5 Things to Consider with Multi-Factor Authentication

Chris Fields, VP of Security Strategy


Multi-factor authentication (MFA) is becoming a mandatory component of a secure identity and access management landscape.  You know you need to implement MFA and are contemplating where to start and what other considerations need to be evaluated.  Below are 5 things to consider on your MFA journey that will 1) save you time, 2) prevent rework and 3) avoid frustrating end users:

1. MFA Server

The MFA server is the “brain” that drives all policy decisions and functionality.  Think of it as the horse you choose to ride on your journey to the MFA finish line.  Flexibility to provide multi-factor (something you know, have or are), risk-based, step-up or other advanced access capabilities are key.  This “brain” should have broad out of the box integrations to various endpoints to maximize use of its capabilities in all facets of your identity and access management landscape. The MFA Server should be accessible to your on-premise and cloud applications, services and servers. The placement and mix of those endpoints may even determine whether you select an on-premise or cloud MFA server.

2. MFA Clients

The MFA clients are the various devices that end users use to interact with the MFA server for proper authentication vetting.  A capable MFA server will support myriad MFA client devices and identification techniques including desktops, laptops, tablets, mobile phones, grid cards, smart cards, RFID cards, key fobs (OTP), hard tokens (OTP), soft tokens (OTP) and biometric readers (to name a few). Mobile phones are becoming a very popular option because they not only are ubiquitous but also support many of the identification techniques that normally require deployment of additional hardware, especially one-time password (OTP) & biometric options.   Be sure to confirm support for all the client devices that are most common in your organization to minimize challenges with leveraging your MFA server before you make your selection.  Also, make sure you select the right identification techniques based on your user populations and factor in the deployment time and complexity.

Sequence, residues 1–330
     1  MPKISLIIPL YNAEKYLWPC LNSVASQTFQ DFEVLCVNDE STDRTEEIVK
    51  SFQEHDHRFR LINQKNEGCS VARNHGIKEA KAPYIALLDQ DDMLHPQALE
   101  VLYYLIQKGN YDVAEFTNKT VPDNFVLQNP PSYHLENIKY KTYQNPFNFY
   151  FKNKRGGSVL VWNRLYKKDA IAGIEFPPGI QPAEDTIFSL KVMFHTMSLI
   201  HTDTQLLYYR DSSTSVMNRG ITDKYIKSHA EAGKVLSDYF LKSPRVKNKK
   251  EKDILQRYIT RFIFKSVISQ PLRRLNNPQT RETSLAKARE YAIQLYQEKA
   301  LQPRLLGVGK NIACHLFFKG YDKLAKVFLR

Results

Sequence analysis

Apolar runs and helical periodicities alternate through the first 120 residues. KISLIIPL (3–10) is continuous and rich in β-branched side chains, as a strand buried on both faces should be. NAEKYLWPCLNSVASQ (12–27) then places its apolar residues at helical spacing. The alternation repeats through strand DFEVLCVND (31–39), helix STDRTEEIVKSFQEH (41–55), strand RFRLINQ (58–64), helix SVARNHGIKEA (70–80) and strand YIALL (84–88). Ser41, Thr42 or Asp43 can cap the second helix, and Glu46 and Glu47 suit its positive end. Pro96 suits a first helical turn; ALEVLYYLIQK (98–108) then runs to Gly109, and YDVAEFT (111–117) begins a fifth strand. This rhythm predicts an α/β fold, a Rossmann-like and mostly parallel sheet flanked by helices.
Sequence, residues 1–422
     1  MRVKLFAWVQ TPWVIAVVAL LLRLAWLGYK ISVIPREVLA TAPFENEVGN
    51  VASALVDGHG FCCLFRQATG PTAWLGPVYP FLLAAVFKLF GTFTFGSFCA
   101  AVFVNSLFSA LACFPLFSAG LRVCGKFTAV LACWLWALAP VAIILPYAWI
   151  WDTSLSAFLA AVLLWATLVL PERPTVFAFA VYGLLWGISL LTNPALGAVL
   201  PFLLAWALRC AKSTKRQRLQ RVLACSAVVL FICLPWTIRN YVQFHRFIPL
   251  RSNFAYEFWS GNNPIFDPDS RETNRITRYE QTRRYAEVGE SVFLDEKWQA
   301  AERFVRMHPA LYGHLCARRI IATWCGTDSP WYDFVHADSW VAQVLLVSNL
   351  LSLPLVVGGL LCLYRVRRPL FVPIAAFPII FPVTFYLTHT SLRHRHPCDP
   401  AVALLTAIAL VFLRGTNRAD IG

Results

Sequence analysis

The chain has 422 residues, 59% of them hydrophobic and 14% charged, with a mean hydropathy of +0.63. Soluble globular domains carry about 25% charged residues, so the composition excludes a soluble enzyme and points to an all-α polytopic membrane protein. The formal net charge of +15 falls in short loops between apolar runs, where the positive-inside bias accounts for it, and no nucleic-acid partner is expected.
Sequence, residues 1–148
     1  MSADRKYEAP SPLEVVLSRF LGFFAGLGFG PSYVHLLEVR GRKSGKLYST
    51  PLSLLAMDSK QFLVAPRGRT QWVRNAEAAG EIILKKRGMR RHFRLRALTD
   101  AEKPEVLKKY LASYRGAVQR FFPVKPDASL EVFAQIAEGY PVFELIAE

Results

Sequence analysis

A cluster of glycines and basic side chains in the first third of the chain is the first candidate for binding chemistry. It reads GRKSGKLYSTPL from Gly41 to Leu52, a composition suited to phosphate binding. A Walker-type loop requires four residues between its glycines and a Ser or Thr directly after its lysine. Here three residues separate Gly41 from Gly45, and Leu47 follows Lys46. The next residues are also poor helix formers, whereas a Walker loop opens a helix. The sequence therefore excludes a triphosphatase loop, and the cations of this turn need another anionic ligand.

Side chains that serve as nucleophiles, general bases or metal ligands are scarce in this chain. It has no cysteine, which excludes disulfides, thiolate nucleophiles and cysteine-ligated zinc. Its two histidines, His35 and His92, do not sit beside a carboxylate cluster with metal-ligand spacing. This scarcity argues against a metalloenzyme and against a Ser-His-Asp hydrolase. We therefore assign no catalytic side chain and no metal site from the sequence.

3. VPN Integration

Remote access is typically the first use case out of the gate for MFA integration.  Most companies already have a VPN gateway in place so it becomes the first “stake in the ground” for making your MFA server decision.  Ideally you would pick your MFA server first, to maximize the capabilities I described in the MFA Server and MFA Client considerations, but reality isn’t always so neat and clean.  You may be lucky to have had your VPN software long enough to be at an inflection point, where the current technology is due for an upgrade or replacement and it makes sense to re-prioritize your VPN selection based on your MFA selection.  This is where going with a capable MFA Server yields the benefit of a wide range of out of the box integrations with popular VPN platforms.

4. PIM Integration

Privileged Identity Management (PIM) integration is typically the next integration point for MFA.  VPN integration ensures that the user and device are vetted properly to connect to the network remotely, but once on the network, both internal users and external users need to strengthen their authentication to servers for privileged access.   Instead of integrating each server individually with your MFA solution, integrating through a Privileged Identity Management gateway is becoming a more popular alternative.  Similar to the VPN integration scenario, ideally you would select your MFA solution first and maximize integration options with popular PIM solutions.

5. Access Management Integration

Application Access Management integration is usually the next integration point for MFA.  Having an access management solution in place is a best practice for managing access to applications, especially web applications.  Integrating your MFA solution with an access management solution provides an efficient mechanism for providing MFA capabilities at the individual application level. Since access management solutions form the authentication and authorization backbone for internal and external applications, this essentially extends your MFA capability to internal and external users in a very efficient manner.


Taking these 5 considerations into account when you are looking at your MFA solution will lead to a much less bumpy road for your administrators and end users.  The end result will be a consistent MFA end user experience for your users across the enterprise and a sound technical approach to solving the most common MFA use cases.

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